When did Air France know about faulty air-speed sensors?
An internal document shows the airline was aware of the problem more than a year before flight 447 disappeared.
The latest wrinkle in the AF447 mystery is not the black box. French authorities say recent sounds picked up in the cavernous depths of the Atlantic are “false signals.”Skip to next paragraph
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The hunt for the black box – and the cause of the June 1 crash – continues.
But another Air France internal document has surfaced, which reinforces the theory that the problem was the air-speed sensors known as Pitot tubes.
In a detailed June 23 post (in French and English) on the European pilots association website, Eurocockpit (and in a story in the weekly Le Canard Enchaine in Paris today), Air France document NT 34-029 suggests that the Pitot tubes were known to have been faulty far earlier than August 2008.
August was the date offered last week by Air France CEO Pierre-Henri Gourgeon as the earliest instance of Pitot tube failure.
The NT 34-029 document recounts seven cases of faulty Pitot tubes prior to August 2008. Given an Airbus investigation into the Pitot tubes, the malfunctions may date back as far as a year or more before then. The cited problems include an Airbus owned by Air Tahiti, serviced by Air France, and six other cases on the Airbus 340 model aircraft.
On June 19, Mr. Gourgeon, in an interview with French radio RTL, stated, “For the A330 and A340, we’ve had no incident prior to August, 2008.”
(Eurocockpit states separately that NT 34-029 was “filed” in June, but it is dated August, 2008.)
An Air France spokesman contacted by the Monitor said the company cannot confirm or deny the authenticity of the document, citing a pending investigation.
When malfunctioning, the Pitot tubes can send incorrect measurements of the aircraft’s speed – a serious problem for pilots in turbulent or extreme weather.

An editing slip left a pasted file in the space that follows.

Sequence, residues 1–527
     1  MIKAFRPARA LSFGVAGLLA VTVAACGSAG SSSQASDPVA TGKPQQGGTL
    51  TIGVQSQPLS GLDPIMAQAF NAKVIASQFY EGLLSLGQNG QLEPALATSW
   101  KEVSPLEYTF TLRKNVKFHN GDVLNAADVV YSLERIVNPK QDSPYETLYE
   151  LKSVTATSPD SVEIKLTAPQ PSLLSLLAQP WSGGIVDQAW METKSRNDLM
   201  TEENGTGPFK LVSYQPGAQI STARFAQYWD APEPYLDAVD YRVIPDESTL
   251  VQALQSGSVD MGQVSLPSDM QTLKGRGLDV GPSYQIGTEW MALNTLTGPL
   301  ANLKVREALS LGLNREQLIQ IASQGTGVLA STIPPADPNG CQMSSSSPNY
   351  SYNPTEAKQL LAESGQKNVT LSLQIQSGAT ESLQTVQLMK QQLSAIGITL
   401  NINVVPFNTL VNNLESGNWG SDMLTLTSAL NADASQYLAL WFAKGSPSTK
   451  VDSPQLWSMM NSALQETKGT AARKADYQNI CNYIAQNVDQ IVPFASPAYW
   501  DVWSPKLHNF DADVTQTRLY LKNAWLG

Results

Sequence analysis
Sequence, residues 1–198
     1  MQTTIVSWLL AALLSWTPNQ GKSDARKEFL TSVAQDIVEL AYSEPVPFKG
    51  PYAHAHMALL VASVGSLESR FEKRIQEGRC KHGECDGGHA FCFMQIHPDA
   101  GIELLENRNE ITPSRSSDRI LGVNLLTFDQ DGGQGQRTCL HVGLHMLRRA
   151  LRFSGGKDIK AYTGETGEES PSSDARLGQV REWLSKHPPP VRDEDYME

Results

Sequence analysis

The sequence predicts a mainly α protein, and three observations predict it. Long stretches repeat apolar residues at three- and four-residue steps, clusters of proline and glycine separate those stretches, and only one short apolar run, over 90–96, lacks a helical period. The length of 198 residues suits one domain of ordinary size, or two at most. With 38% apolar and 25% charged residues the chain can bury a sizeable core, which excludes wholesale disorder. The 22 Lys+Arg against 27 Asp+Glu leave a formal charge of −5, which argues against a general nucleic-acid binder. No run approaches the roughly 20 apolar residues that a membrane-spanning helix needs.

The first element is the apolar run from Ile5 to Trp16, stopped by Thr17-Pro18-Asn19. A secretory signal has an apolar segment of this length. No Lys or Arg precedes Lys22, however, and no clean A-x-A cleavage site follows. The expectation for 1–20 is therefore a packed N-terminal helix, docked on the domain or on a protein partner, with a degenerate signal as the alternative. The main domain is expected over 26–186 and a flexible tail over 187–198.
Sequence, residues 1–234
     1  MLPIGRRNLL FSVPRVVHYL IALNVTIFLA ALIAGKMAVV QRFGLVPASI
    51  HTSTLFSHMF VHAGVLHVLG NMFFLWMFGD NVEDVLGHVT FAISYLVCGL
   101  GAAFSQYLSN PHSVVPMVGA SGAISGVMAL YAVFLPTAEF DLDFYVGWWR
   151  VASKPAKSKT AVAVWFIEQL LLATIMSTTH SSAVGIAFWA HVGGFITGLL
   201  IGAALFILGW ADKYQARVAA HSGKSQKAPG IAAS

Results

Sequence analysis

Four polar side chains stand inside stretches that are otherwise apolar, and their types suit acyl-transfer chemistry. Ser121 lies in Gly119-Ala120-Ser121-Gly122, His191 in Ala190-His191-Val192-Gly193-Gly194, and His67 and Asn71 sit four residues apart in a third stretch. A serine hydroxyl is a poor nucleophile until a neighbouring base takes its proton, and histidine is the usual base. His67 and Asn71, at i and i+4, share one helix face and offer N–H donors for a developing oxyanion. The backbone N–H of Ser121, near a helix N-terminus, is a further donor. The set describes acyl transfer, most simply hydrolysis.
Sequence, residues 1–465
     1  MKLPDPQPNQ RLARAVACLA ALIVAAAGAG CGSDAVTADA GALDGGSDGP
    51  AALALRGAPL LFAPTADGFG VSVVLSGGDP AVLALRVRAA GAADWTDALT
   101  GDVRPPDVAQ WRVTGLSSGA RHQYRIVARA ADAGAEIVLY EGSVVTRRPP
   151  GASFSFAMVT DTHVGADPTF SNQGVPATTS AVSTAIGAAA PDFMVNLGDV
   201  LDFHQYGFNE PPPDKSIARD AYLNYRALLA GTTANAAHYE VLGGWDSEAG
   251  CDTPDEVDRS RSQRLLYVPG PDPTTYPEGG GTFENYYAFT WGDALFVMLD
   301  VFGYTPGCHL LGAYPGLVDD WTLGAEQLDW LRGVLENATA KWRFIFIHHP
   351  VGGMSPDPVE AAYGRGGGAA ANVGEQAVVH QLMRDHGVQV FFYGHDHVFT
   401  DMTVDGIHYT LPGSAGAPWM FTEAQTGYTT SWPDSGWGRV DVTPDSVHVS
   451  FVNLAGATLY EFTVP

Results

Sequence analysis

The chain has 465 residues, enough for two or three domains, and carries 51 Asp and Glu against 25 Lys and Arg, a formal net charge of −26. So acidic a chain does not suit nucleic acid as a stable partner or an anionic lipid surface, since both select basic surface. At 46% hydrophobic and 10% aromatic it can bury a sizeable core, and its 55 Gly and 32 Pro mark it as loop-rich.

The document suggests that “the AF447 experienced the same problems as all the other aircraft that encountered a Pitot defect, the only difference being that those other aircraft managed to free themselves from that situation,” according to the pilot’s web posting.
The faulty speed sensors were early raised as one of several possible causes for the June 1 AF447 tragedy – along with lightening, electric failure, a malfunctioning rudder, faulty computers, extreme winds, and others.
An assertion by the Eurocockpit posting – also highlighted in the Canard article – is that early on the morning of June 1, Air France authorities knew the Pitot tube had malfunctioned. But in the hours and initial days after the crash, as speculation and the search intensified – the airline did not did not list this among the possible causes. It was not mentioned until June 5.
On June 6, Air France acknowledged that the air-speed monitors on Airbus planes have proven faulty, icing up at high altitude, and that recommendations to change them were first made in September 2007. Air France said it began to gradually replace the monitors on the Airbus A330 model on April 27, 2009.
Many airlines using the Airbus 330 models have since replaced the Pitot tubes as a precautionary step.
The internal document, titled “Treatment of the incidents with loss of the airspeed indication,” offers guidance for pilots should the Pitot tubes malfunction.
It also reveals that the aircraft's manufacturer was aware of and had communicated about the air-speed sensor problem to Air France: “Investigations conducted on Airbus family aircraft showed that most of airspeed discrepancy events were due to Pitot water ingress and to probe draining holes obstructed by external particles,” according to the NT 34-029 document.
The Eurocockpit posting notes that Air France Flight 447 was the 36th reported instance of faulty Pitot tubes, including nine cases in 2009.
The Canard column, by Henri Martin, asserts that ACARS (automatic alert) messages sent from the plane to the ground crew at Charles de Gaulle airport clearly showed the air-speed sensors had malfunctioned, and that Air France mechanics were waiting at the airport to replace them: “There was so little question about the interpretation of [the failure] that a technical team was summoned to wait for the aircraft on Roissy tarmac ... in order to replace them.”
Paul-Louis Arslanian, the head of the French accident investigation agency, BEA, told reporters on June 6 that it was too early to draw conclusions about the role of Pitot tubes in the crash, saying that “it does not mean that without replacing the Pitots ... the A330 was dangerous.”